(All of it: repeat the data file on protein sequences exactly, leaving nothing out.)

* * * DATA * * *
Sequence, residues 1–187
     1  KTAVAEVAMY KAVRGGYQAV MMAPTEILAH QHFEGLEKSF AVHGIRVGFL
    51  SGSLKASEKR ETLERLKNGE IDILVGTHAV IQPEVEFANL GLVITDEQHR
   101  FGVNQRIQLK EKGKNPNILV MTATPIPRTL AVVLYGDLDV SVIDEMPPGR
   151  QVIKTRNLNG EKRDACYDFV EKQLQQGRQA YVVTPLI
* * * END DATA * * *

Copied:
Sequence, residues 1–187
     1  KTAVAEVAMY KAVRGGYQAV MMAPTEILAH QHFEGLEKSF AVHGIRVGFL
    51  SGSLKASEKR ETLERLKNGE IDILVGTHAV IQPEVEFANL GLVITDEQHR
   101  FGVNQRIQLK EKGKNPNILV MTATPIPRTL AVVLYGDLDV SVIDEMPPGR
   151  QVIKTRNLNG EKRDACYDFV EKQLQQGRQA YVVTPLI